Let’s track back a little: I said that moving out of India seemed like the best way forward for us. What did I mean by that? Well, even though the richness in our personal lives reached a kind of a peak (though perhaps more so in hindsight), our professional lives looked like it was starting to slow down, stagnate. On the one hand, the academic job market is a real ringer, and going through it several years in a row has taken a toll on me. And after a while it’s hard not to see the shortcomings of academic mathematics: how it props up white males, and by and large takes on the familiar contours shaped by Western hegemony and patriarchy. Even when I hear a successful woman mathematician say she thinks of mathematics as pure, as not being connected to gender, I can’t help but think of a white person saying they don’t see race. No thanks.
So, at the end of the day, I was starting to wonder what life could be like outside of academia. And honestly, the world we live in today is accelerating towards a future that’s not very bright, and I feel this growing yearning, or urgency, to at least try to be on the side that’s working towards a positive change. Or less negative change. Things like climate change and social justice, where you know there’s no magical cure-all: none of us are going to end racism or sexism or any kind of phobia, nor are we going to save the polar ice caps from melting or sea-levels from rising or the extreme climate events from proliferating. But I really believe that even if we don’t work to stop even some of it, we have to bear witness. Someone has to remember the things that have come to pass. History is how we make sense of how we got here; history is how we figure out where to go from here. So moving on to a different job, a different location, might help me work towards that.
But that’s just me. It doesn’t help that in India and Malaysia, the bureaucracy has made it prohibitively hard for G to get a job. Also, finding a good job is hard. We all know. Also, if you know what we’ve been up to the last year or so, you’ll know that this is Plan B. Our Plan A fell through, this is in part just us trying to put the pieces together, put on a brave face, and take a step forward.
We have no idea what we’re doing. Fortunately, most grown-ups don’t know what they’re doing either. So I feel better about that.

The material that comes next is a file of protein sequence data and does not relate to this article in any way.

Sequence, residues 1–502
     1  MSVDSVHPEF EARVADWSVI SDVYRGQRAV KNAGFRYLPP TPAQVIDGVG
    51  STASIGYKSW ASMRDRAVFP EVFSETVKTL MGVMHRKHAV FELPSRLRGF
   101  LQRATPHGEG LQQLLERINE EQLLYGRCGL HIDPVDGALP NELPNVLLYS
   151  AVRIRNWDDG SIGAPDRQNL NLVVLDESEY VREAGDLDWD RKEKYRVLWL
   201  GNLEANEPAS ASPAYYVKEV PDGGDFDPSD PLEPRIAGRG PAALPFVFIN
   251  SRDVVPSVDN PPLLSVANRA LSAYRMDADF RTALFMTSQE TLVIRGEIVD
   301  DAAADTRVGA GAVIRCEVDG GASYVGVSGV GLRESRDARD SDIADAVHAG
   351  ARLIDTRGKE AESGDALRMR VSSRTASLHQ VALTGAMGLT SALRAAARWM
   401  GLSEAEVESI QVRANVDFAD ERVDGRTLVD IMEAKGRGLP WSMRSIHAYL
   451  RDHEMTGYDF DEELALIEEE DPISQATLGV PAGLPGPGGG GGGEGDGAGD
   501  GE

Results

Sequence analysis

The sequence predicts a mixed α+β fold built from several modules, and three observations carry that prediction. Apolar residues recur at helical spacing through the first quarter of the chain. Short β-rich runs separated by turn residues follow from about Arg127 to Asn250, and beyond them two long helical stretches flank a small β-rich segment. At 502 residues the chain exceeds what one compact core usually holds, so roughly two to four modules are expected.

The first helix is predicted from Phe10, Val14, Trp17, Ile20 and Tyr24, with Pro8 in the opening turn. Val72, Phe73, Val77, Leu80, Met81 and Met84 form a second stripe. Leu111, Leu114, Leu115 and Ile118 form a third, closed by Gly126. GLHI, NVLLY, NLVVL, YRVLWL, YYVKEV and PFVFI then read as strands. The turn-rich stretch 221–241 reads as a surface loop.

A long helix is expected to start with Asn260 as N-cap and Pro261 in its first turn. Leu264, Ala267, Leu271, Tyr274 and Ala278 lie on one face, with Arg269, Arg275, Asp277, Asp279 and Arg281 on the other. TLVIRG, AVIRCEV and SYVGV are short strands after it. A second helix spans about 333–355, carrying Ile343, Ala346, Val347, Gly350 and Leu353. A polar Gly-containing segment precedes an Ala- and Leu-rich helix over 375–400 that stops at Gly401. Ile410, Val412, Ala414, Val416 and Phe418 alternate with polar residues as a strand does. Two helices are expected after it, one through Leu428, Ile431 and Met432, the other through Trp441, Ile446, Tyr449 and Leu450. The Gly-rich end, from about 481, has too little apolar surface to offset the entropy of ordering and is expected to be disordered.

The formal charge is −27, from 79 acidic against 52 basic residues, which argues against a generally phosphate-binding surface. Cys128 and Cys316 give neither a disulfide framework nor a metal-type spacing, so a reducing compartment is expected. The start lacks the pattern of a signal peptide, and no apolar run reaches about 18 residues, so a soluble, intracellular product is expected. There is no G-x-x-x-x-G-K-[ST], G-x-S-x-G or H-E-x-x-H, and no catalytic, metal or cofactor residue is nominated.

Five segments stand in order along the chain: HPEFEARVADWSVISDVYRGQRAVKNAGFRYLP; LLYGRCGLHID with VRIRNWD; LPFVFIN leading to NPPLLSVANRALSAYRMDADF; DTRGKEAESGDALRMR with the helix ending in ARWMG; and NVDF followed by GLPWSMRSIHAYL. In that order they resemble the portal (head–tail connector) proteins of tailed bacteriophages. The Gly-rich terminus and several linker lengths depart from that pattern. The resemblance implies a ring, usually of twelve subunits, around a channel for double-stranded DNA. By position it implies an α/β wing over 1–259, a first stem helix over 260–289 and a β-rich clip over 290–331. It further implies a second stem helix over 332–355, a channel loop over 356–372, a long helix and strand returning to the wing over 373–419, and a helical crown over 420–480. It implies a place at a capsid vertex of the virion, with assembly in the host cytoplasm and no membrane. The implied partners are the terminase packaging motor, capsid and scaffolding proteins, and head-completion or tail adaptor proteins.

If you’ve managed to read this far, I have no idea what you’re doing because this is basically just me writing for myself at this point. It’s my therapy. Don’t you have better things to do?
Anyway, I’m almost done here. One last thing I ought to say, is that I recently got approval for US permanent residency. I feel all kinds of things about that. More on that next time. Congratulations are in order, I guess, because no matter how you look at it, it’s a lot of money and time and paperwork, so getting anything like that over with is worth a pat on the back. On the other hand, I bristle at getting congratulated, because it literally means that the settler coloniser empire has granted me—me!—permission to permanently reside in that land they took from the Native Americans and enslaved Africans on. If you’re a US citizen, you’re probably feeling a little out of sorts at this, but I love you! I really like you and all the very good friends that I have made. The US, I readily acknowledge, has a lot of light and darkness. I’m really grateful for the friends and family that I have made there, and that will never change. But this is the way things are. Life is messy, we should all be used to that by now.
There’s a lot we have to be grateful for. In such a short span of time we’ve gotten to know so many wonderful people, learned a lot about the world, traveled to many places, and have had our ways of thinking pushed and challenged. We’ve met refugees and expats and migrants. All that possibly at the expense of career success, perhaps, in the very mainstream sense.
And so that’s where we’re at right now. Somewhere in between, still figuring it out, confused a lot of the time. Baby steps.